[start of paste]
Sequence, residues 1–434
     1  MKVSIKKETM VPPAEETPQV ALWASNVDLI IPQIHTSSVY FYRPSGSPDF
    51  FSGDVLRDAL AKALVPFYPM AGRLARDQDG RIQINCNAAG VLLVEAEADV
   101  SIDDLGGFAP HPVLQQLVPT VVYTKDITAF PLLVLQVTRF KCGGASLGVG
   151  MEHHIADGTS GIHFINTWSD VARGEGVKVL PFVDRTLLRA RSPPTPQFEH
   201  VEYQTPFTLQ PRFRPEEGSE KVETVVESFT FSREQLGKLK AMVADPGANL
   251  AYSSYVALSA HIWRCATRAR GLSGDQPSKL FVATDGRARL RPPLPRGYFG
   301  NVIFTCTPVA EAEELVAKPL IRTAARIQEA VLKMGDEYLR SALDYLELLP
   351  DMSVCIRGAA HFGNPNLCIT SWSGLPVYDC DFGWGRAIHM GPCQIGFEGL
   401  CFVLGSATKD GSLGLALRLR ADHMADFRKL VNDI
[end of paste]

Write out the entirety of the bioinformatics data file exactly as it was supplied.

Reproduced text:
Sequence, residues 1–434
     1  MKVSIKKETM VPPAEETPQV ALWASNVDLI IPQIHTSSVY FYRPSGSPDF
    51  FSGDVLRDAL AKALVPFYPM AGRLARDQDG RIQINCNAAG VLLVEAEADV
   101  SIDDLGGFAP HPVLQQLVPT VVYTKDITAF PLLVLQVTRF KCGGASLGVG
   151  MEHHIADGTS GIHFINTWSD VARGEGVKVL PFVDRTLLRA RSPPTPQFEH
   201  VEYQTPFTLQ PRFRPEEGSE KVETVVESFT FSREQLGKLK AMVADPGANL
   251  AYSSYVALSA HIWRCATRAR GLSGDQPSKL FVATDGRARL RPPLPRGYFG
   301  NVIFTCTPVA EAEELVAKPL IRTAARIQEA VLKMGDEYLR SALDYLELLP
   351  DMSVCIRGAA HFGNPNLCIT SWSGLPVYDC DFGWGRAIHM GPCQIGFEGL
   401  CFVLGSATKD GSLGLALRLR ADHMADFRKL VNDI